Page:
The Vietnam War
Vietnam war was opposed by higher and higher percentage of the American public the
longer it continued, with over 50% against by 1967 and about 70% by 1969.
in the 1968 presidential election, both Nixon(R) and Humphrey(D)
were pro-war. The only possibly-viable candidate
with a genuinely anti-war record, Eugene McCarthy, lost the
Democratic primary and abandoned the race.
Thanks to two-party domination, anti-war voters had nowhere to turn, and McCarthy
had no useful way to continue running.
With range voting, an anti-war candidate could have run with (in view of the polls)
a real chance to win, and without triggering "spoiler" voting pathologies.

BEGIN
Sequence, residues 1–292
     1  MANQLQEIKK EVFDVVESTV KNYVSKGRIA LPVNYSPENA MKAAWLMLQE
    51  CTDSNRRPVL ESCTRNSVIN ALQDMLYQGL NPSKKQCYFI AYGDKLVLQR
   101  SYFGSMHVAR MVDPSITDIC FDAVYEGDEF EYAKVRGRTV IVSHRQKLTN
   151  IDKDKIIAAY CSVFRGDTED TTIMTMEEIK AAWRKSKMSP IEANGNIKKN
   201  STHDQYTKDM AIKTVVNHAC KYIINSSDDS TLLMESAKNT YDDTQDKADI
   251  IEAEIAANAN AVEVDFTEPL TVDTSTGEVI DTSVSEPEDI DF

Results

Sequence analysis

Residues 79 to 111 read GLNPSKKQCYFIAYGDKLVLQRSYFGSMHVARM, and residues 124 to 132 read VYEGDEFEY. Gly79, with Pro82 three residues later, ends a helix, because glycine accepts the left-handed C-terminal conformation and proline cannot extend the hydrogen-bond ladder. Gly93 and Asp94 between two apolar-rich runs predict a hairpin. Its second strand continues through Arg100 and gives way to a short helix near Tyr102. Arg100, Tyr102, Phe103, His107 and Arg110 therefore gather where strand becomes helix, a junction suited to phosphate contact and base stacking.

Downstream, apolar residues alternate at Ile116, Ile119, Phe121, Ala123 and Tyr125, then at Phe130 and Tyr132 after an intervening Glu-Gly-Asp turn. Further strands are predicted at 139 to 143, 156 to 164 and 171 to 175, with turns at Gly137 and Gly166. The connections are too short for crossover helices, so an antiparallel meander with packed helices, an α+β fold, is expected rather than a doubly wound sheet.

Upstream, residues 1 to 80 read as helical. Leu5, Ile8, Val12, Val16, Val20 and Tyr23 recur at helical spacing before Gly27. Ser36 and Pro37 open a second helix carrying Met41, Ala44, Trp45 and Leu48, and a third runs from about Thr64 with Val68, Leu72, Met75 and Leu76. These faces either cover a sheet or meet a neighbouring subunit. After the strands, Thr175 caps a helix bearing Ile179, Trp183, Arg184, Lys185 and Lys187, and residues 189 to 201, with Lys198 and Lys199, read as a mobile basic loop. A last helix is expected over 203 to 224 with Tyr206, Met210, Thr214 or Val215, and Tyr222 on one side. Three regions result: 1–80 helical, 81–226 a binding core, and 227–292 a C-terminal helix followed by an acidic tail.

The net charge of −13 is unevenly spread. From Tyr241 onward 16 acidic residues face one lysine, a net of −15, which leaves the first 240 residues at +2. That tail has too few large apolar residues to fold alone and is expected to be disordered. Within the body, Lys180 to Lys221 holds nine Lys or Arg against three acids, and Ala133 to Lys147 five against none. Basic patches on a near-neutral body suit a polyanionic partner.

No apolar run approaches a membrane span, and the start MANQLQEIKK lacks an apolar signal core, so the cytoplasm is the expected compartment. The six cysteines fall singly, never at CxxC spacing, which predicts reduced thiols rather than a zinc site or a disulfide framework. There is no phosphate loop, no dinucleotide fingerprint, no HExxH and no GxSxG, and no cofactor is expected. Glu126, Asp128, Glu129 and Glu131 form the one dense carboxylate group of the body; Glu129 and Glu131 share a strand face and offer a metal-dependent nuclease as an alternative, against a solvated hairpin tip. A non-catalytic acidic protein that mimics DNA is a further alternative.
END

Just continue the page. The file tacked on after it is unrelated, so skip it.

Even without winning, genuine presure would have been
exerted on his opponents to address antiwar concerns.
Had the American public gotten to end the war in 1968,
1-2 million lives would have been saved. (Deaths after 1968 slightly exceeded deaths before 1968;
the war's total death toll was about 4 million, i.e. about 13% of Vietnam's population,
and there were a comparable number wounded.)